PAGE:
Place chicken and raw vegetables in a large pot and cover with water. Add salt and pepper to taste; about 1 tsp. each is a good start. Bring to a boil, reduce heat and simmer for about 1 hour, until chicken is tender. Butter may be added to broth for additional rich flavor, if desired.
Remove chicken from pan to a plate; cool. Skim and save the broth for cooking dumplings. Strain off the cooked vegetables, onion and celery and discard.
Remove meat from bones, then remove skin and discard skin and bones. Cut or tear chicken into medium-size pieces. Place in a shallow baking dish. Cover so chicken will stay moist and set aside.
To make dumplings: place about four cups of flour in a mixing bowl. Add chicken broth from cooked chicken (or use milk if desired), enough to combine flour and broth mixture, approximately 1-2 cups of liquid. Mix to form dough to roll out on a floured surface to about 1/2 inch thickness. Slice into 1- by 3-inch strips. Dough should be the consistency of biscuit dough.
In a large pot, bring reserved broth to a boil and drop in strips of dumpling dough. Reduce heat to simmer and cook for 10 minutes. Pour dumplings over chicken pieces; mix gently to combine. Serve immediately. Makes 6 to 8 servings.
Turnip or Collard Greens
1 bunch of turnip greens or collard greens
3 cups water or chicken broth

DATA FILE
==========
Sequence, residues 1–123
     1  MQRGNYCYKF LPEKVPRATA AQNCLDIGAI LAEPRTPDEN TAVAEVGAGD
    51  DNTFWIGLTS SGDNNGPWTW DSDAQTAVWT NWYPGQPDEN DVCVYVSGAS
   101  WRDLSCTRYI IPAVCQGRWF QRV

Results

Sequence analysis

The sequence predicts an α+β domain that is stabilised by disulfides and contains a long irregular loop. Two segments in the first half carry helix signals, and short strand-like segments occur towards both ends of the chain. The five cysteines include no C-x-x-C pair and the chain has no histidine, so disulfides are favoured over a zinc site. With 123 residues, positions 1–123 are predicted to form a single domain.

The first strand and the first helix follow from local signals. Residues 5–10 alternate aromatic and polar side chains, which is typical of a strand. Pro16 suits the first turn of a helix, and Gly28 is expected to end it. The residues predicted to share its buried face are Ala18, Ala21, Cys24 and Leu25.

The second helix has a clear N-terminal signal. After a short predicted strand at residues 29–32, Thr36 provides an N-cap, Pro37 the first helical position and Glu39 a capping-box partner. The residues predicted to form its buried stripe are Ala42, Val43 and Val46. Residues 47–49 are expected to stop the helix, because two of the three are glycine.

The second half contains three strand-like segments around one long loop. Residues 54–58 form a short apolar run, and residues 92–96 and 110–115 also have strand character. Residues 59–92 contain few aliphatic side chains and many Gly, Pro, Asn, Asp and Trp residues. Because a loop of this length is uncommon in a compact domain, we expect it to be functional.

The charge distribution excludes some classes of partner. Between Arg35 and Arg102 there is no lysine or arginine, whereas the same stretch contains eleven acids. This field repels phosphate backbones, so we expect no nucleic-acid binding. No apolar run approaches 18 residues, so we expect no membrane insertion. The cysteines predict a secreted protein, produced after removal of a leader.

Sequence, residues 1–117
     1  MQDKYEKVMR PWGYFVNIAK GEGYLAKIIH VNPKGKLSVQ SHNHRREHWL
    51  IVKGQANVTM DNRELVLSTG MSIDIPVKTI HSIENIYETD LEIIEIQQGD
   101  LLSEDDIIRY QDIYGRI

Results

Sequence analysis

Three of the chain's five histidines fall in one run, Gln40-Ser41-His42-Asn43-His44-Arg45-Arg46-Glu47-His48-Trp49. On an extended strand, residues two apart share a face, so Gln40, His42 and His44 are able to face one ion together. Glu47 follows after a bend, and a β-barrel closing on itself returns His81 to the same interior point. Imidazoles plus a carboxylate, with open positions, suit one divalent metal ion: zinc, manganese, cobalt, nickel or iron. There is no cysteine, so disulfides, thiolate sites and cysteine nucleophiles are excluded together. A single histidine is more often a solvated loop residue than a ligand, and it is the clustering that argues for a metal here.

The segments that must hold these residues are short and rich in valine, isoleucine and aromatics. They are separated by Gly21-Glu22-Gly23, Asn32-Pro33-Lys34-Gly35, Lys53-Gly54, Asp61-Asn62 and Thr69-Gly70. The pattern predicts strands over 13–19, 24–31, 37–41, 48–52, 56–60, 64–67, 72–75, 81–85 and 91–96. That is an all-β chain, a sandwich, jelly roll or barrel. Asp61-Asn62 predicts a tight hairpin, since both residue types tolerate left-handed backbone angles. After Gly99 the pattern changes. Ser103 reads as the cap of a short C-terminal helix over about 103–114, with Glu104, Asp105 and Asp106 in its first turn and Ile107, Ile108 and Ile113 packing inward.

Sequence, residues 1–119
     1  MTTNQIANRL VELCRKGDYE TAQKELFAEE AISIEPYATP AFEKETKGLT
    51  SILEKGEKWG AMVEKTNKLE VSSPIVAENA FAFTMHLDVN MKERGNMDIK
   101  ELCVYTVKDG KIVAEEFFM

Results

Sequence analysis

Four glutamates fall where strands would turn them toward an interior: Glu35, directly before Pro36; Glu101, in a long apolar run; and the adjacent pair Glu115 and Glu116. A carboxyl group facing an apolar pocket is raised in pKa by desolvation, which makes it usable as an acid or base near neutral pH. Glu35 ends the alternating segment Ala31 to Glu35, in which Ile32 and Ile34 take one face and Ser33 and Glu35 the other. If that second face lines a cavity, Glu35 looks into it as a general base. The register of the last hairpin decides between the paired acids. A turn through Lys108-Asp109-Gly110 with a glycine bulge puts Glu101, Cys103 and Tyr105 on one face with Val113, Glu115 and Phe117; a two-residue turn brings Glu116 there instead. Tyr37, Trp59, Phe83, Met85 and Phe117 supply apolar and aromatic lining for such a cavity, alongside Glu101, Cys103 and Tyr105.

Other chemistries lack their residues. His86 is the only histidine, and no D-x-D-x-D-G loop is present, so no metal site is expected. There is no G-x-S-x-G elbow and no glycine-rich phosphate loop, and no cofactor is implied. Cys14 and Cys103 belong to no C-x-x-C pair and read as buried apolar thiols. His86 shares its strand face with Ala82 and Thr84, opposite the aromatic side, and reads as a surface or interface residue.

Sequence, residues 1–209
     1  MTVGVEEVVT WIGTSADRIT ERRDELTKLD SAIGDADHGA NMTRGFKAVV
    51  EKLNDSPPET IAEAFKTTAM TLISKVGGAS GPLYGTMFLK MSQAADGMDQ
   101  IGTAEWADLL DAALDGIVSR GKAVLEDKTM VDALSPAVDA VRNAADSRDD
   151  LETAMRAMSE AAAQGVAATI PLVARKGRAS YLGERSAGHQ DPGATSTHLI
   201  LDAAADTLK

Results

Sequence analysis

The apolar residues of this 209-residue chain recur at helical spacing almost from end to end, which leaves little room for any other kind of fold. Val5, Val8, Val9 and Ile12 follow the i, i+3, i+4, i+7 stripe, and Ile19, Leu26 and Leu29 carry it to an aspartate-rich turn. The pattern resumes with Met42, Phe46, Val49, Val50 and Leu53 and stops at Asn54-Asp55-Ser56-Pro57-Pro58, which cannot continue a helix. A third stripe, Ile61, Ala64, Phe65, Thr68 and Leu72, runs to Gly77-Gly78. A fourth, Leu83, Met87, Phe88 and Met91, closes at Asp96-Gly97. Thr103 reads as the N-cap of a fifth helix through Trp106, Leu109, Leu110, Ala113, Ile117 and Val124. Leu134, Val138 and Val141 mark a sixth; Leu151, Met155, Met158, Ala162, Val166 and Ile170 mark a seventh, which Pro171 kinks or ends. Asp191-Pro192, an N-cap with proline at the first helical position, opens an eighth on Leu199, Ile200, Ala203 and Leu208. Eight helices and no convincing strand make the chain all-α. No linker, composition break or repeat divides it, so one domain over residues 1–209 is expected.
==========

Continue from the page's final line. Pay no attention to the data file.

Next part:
Salt and pepper to taste
2 Tbsp. butter
Greens must be washed thoroughly; soak greens in water for at least 30 minutes, wash each leaf individually, and drain water. Wash leaves twice more, rinsing well each time. Greens are gritty and dirty and must be washed carefully. The center membrane may also be cut out, if desired. After individually washing each leaf, front and back, stack the leaves and cut in inch-and-a-half wide strips. Place greens in a saucepan with water or chicken broth; bring to a boil then lower heat to simmer for about 45 minutes, or until greens are tender and the liquid is reduced by half. Stir occasionally. Serve immediately, adding sliced ham, sliced or chopped onions and Tabasco Pepper Sauce as desired.
1 tsp. vegetable shortening or vegetable oil to coat the pan
¼ cup oil
1 large egg
1 1/3 cup buttermilk
2 cups Martha White Self-Rising Enriched White
Buttermilk Cornmeal Mix
Heat oven to 450. Spoon shortening into an 8-inch oven-proof skillet or 8-inch square or round baking pan. Place skillet or pan in oven to heat for about 5 minutes.
Whisk egg in medium bowl. Stir in milk, oil and cornmeal mix until smooth. Batter should be creamy and pourable. If too thick, add 1-2 Tbsp. of additional milk or oil. Carefully tilt skillet to coat bottom with shortening. Pour batter into skillet.
Bake 20-25 minutes or until golden brown. Makes 8 to 10 servings.
Helen’s Cabbage Slaw
1 head cabbage, shredded or finely chopped
2 heaping Tbsp. granulated sugar (or sugar substitute)
2 heaping Tbsp. vinegar
¼ cup mayonnaise
Mix sugar and vinegar until sugar is dissolved; add mayonnaise to mixture. Toss cabbage with dressing. Sprinkle poppy seeds or celery seeds to taste if desired. Serves 6.